Operating cells of different capacities in parallel is an immednsely bad idea usually unless you manage and turn off each pair individually.

Apart from one pair endpointing before the other and throwing more charge or discharge onto the other there is a lack of certainty re how cells load share.
eg Say you have a 1000 and 1200 mAh cell and load both with 1000 mA. The large cell will see this as less of a percentage load so it's natural terminal voltage will be larger and it will "happily" supply the extra current. but there is no guarantee that it will o this in the ratio of the tywo capacities. The large cell may prove very "sacrificial and provide most of the load for most of its capacity. BUT when it finally falters the small cell will then take up most of the load and may now be overloaded. And there is no certainty that the LARGE cells will not now expire and be driven into a damaging mode. Probably not, but. too many uncertainties.

Why run cells of different sizes and in this 2 x 2 pattern?


Key question: What are the max allowable charge current rates for the 1000 and 1200 mAh cells.
Without this information the question become svery hard to give a good answer to.

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  • \$\begingroup\$ Actually these cells are all at the 2c+ max allowable charge... But that's not part of the question. I'm not asking if it's a good idea, I'm asking about the mechanism of charging. In addition we are talking about a charger that tapers it's charge, so we may start at 5amps, but my understanding is that as 8.4v approaches in the 'bank' than there will naturally be less current on the line... In this case @ 8.4v the amps will go down substantially until they hit 3% of the max charge rate, then the charger stops entirely. \$\endgroup\$ – Gary Jan 2 '12 at 13:14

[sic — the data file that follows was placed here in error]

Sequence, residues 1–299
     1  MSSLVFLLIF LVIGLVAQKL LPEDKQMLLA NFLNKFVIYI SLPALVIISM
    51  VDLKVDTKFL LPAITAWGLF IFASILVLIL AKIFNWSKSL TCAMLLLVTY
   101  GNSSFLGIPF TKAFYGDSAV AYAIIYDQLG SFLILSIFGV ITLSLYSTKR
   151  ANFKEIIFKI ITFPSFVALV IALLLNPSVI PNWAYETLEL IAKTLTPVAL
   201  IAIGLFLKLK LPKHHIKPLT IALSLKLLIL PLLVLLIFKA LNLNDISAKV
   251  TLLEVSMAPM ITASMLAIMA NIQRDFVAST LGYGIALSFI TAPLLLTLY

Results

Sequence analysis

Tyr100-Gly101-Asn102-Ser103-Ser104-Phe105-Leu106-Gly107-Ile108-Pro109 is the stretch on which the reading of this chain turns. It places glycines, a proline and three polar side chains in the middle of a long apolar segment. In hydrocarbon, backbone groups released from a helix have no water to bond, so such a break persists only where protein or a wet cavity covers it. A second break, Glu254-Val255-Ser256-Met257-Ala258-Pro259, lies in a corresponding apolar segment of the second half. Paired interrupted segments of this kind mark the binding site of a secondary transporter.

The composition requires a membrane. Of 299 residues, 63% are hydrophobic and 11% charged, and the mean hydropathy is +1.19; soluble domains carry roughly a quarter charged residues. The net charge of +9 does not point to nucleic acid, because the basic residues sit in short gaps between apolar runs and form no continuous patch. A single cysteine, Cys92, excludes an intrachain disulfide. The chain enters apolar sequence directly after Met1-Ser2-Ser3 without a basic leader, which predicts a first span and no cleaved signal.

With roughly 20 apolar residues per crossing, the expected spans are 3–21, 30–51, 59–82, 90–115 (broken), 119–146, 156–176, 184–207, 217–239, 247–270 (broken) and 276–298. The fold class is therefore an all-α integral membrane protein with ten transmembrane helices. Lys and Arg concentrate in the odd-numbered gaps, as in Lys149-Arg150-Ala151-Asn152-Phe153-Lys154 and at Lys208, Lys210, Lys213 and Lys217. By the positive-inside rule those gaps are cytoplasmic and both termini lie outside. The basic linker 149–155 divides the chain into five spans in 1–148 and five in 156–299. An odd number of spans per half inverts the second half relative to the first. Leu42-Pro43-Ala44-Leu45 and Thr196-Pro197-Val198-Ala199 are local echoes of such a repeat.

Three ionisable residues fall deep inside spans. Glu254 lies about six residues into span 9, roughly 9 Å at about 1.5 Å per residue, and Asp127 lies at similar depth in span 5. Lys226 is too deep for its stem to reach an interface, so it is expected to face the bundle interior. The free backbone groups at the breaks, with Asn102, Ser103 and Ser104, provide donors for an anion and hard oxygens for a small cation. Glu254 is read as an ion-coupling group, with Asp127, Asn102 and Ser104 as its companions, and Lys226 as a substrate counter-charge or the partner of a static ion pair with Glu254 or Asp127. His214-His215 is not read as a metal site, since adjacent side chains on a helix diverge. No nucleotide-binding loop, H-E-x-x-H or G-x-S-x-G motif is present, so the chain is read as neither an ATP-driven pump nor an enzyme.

• \$\begingroup\$ Also, again I'm not asking this as part of the question... But the charger itself will taper charge down. Full 5amps will only be until the bank measures 8.4v at which point it tapers down substantially... IE it's a smart(ish) charger. \$\endgroup\$ – Gary Jan 2 '12 at 13:56
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    \$\begingroup\$ 2c+ is not good enough - there should be an actual spec - and it matters. And the taper charging will not save you. In a LiIon / LiPo system it is NOT the charger that tapers - the charger simply goes into constant voltage mode. It is the CELL that tapers. So if one pair of series cells starts to taper and the other set do not (as still not charged enough) then all the current that one set stop accepting will be taken by the other set instead. Actual max I and better still actual cell brand and type needed, but bad things are possible here. | \$\endgroup\$ – Russell McMahon Jan 2 '12 at 15:12
  • \$\begingroup\$ Re "soaking less current as the cells approach 8.4V - NO. Cells will accept whatever current you offer them all the way to 4.2V cell (8.4 V for 2 in series.) It is the charger going into constant voltage mode and not therefore giving the cell enough drive to drop voltage across its internal resistance that start it slowing down.| I'd guestimate that an imbalance of 0.1V of where a cell pair think they are on their curve wrt another pair may start to cause problems and a 0.2V mismatch may cause real problems. This is an out of spec way to charge cells and Murphy may or may not catch you out. \$\endgroup\$ – Russell McMahon Jan 2 '12 at 15:14
  • \$\begingroup\$ Ok, fair enough. What about charging like capacities with a balancing board? How about like and unlike capacities with a balancing board? I'm under the impression that This will prevent imbalances from happening. \$\endgroup\$ – Gary Jan 2 '12 at 17:25